For example, if your location averages 216 inches a year, it would be 80% of 270. Now if I want to know what the snow depth on the general or open ground will be on January 31, I multiply .80 by the minimum and the maximum from the range shown above, which is 25 to 40. The results are 20 and 32. So now we know that there will be, in most years, between 20 and 32 inches of snow on the open ground on January 31 in the location you were interested in.

Incidentally, the calculation example we used happens to be the actual snow depth on January 31 for Houghton-Hancock, because about 80% of the snow that falls at Painesdale-Trimountain falls there. In other words, Painesdale-Trimountain gets about 25% more snow than does Houghton-Hancock (even though the two locations are only about 8 miles apart).

WHEN DOES THE SNOW ON THE OPEN GROUND COMPLETELY MELT?
The open ground, not including the plowed mounds of snow, and except for a possible additional small amount of overnight spring snow that melts the next day, becomes completely green sometime during the month of April. Most commonly, it would be beeen April 10 and April 20.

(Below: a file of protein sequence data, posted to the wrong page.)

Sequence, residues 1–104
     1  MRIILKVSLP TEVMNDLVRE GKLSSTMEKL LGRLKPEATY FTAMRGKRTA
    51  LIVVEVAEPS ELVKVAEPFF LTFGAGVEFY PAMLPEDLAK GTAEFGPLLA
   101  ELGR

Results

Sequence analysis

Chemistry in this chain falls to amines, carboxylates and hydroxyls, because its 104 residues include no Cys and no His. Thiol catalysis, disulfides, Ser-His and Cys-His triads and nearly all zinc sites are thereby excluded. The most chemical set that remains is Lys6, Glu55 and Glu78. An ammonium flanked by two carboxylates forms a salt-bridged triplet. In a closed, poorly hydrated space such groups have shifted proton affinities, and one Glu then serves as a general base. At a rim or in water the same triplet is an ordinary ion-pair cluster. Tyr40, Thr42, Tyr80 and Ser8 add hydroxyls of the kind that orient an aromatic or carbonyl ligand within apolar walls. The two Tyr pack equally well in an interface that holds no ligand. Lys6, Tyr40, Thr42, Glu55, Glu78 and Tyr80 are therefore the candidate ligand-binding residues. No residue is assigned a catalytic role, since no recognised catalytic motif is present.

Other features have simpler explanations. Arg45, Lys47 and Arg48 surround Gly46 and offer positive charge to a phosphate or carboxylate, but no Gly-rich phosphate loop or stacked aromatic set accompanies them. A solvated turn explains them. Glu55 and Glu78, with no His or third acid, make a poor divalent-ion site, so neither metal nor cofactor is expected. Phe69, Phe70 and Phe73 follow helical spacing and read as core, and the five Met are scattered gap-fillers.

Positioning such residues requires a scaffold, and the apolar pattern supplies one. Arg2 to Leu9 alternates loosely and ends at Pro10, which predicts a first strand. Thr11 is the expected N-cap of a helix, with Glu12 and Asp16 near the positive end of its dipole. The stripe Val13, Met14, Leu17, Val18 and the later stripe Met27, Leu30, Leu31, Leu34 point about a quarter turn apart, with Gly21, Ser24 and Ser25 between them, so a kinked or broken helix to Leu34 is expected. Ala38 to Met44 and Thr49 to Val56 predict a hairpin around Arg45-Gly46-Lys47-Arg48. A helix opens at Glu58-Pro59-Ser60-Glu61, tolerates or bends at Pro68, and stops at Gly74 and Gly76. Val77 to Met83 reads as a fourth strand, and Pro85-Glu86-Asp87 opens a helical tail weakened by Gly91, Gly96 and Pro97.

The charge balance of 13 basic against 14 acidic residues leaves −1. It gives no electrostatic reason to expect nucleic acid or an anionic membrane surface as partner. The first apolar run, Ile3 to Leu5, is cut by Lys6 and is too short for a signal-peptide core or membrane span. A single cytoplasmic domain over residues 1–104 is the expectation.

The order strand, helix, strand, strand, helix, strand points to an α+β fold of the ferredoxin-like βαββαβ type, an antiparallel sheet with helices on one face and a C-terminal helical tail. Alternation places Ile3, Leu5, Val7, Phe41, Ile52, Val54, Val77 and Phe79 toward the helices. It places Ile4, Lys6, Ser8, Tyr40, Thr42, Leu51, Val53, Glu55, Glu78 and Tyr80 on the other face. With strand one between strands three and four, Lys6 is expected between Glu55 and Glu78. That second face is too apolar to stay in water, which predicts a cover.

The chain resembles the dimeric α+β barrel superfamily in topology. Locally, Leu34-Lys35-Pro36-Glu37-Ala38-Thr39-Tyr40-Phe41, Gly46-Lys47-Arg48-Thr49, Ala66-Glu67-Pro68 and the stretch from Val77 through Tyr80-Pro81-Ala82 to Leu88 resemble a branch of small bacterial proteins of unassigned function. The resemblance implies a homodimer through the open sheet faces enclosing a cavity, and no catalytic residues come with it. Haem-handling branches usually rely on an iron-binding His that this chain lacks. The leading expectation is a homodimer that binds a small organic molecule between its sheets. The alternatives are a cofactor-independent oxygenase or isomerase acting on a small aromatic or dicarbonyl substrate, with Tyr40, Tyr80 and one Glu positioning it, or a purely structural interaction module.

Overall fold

Exactly when in this period the green ground returns will depend on whether there is a mid or late April snow storm, which there is slightly more than 1/2 of the years. For example, on April 21, 2009, there was an unusually late heavy snowfall of about 10 inches, which obviously caused the open ground to become snowed over again after most of it had been green for about two weeks. That snow melted rapidly, of course, but the quantity of it along with cooler than normal temperatures and mostly cloudy weather meant that it took until about the first of May for that snow to melt completely off the open ground.

WHEN DO THE PLOWED PILES OF SNOW MELT?
As for the plowed piles, which as you can see above can reach almost 10 feet high before they start coming down, are mostly melted by between April 20 and May 15, most often between April 25 and May 10. The very last little clump of plowed snow that sat in a spot that receives little sun will be gone between May 1 and May 15.
THE FOLLOWING LIGHT BLUE AND SMALLER GREEN BOXES LEAD TO NUMEROUS RESOURCES, MANY OF WHICH ARE FOUND NOWHERE ELSE ON THE INTERNET
CLICK ON ANY OF THE FOLLOWING BOXES TO GET TO THE INFORMATION YOU WANT AND/OR NEED>>>

THE MONEY YOU CAN SAVE WITH QUEST SERVICES

THERE IS NO SUCH THING AS SNOW TOO DEEP

THERE IS NO SUCH THING AS SNOW TOO DEEP